Saturday, August 20, 2011

Classics of Russian Literature

I've just completed my fourth lecture series from The Teaching Company's "Great Courses" series. Having already listened to "The Life and Works of C. S. Lewis", "Classics of British Literature", and "The English Novel", I decided to go in a slightly different direction with a literary tradition that I am only vaguely familiar with.

Our guide for this journey through Russian literature is Dr. Irwin Weil, Professor Emeritus in the Department of Slavic Languages and Literature at Northwestern University. Of the four different professors that I have listened to so far, he struck me as having not only the best delivery style but also one of the deepest passions for his topic. His love of Russian tradition, history, and language is evident from the very beginning.

Throughout the 36 lectures in the series, Dr. Weil focuses on 3 different periods in Russian literature: the early literary traditions during the Kiev period, the Golden Age of Russian literature, and the literature of the communist period in the 20th century. Not only did I learn more about the authors I was already familiar with (Dostoevsky, Tolstoy, and Chekhov), but also discovered new authors that I am dying to sink my teeth into like Pushkin and Pasternak. One thing I loved about the series was how Dr. Weil highlighted the differences between the literary periods, but also the many similar themes that permeate the tradition as a whole. Themes like the equality found within humanity, the heavy spiritual quality found even in the works created at the height of the Communist era, and the relation of the vastness of the Russian empire to the sweeping and broad feelings found in it's great novels.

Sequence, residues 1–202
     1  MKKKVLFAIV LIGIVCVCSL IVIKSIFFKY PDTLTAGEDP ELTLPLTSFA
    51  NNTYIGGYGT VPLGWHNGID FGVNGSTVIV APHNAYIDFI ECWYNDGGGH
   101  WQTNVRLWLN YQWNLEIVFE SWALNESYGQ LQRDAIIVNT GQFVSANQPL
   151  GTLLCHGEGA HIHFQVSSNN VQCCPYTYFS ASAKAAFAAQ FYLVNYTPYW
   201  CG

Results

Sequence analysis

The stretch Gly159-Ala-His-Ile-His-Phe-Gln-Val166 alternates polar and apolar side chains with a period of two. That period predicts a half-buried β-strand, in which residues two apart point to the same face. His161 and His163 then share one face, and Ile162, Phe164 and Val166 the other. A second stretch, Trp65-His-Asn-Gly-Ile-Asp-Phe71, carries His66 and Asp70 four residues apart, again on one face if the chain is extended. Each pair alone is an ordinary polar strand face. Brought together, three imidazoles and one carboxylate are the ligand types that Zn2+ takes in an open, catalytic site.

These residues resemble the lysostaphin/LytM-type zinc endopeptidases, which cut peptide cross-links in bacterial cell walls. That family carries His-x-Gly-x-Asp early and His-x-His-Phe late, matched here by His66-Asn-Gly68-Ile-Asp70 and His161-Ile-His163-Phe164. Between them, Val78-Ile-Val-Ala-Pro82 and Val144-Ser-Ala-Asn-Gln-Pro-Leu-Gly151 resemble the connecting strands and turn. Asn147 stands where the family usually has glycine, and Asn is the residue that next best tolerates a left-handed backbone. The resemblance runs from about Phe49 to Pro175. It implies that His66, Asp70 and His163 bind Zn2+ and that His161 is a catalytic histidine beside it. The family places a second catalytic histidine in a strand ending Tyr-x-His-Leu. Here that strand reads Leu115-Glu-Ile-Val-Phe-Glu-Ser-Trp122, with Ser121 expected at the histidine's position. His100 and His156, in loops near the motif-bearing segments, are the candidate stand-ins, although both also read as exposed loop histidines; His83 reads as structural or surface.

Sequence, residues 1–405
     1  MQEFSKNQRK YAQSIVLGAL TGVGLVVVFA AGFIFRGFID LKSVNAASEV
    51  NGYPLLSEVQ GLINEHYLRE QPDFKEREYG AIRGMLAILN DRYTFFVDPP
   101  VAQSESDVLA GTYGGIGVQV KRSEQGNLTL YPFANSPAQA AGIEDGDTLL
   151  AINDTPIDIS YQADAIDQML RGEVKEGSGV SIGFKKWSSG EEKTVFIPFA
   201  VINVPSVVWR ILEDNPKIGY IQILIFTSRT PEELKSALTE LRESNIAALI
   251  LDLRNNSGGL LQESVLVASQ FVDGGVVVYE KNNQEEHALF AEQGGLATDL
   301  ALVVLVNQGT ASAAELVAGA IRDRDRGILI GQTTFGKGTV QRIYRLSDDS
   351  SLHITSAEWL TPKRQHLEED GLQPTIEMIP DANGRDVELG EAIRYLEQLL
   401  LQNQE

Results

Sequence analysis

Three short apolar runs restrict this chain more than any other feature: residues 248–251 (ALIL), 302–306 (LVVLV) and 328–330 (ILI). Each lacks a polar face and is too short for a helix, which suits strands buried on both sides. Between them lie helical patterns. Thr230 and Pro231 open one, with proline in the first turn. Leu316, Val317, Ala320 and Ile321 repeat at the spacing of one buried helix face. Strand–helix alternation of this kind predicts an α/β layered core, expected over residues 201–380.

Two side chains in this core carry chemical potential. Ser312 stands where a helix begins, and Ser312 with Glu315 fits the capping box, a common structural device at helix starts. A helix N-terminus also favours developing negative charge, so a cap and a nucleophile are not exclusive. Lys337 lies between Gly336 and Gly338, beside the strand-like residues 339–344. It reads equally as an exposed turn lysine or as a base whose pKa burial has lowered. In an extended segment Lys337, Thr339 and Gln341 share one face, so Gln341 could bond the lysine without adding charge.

But what I loved more than anything was hearing these great works in their original language. I had never thought of Russian as a beautiful language, but hearing Pushkin's "I Remember a Wonderful Moment" rolling off the speaker's tongue in it's original rhythm and sound is a moment that I will never forget. Do yourself a favor and listen to it here.

If I had any complaint, it was that the lectures stopped with Solzhenitsyn and didn't introduce any of Russia's contemporary literature. This did give the feeling that Russian literature is a thing of the past, which of course it cannot be.

All of these lecture courses have been worth it both in time and money. If you would like to learn more about not only the great works and author's of the Russian tradition, but also about the heart, soul, and history of that ancient land, I can't recommend this course more highly. Dr. Weil does a wonderful job in introducing us Westerners to a literary tradition that is both familiar and unknown. Don't be surprised if you begin to see more and more of it popping up here at Complete and Unabridged.

1 comment:

hopeinbrazil said...

I've always wondered about these courses. Thanks for your review.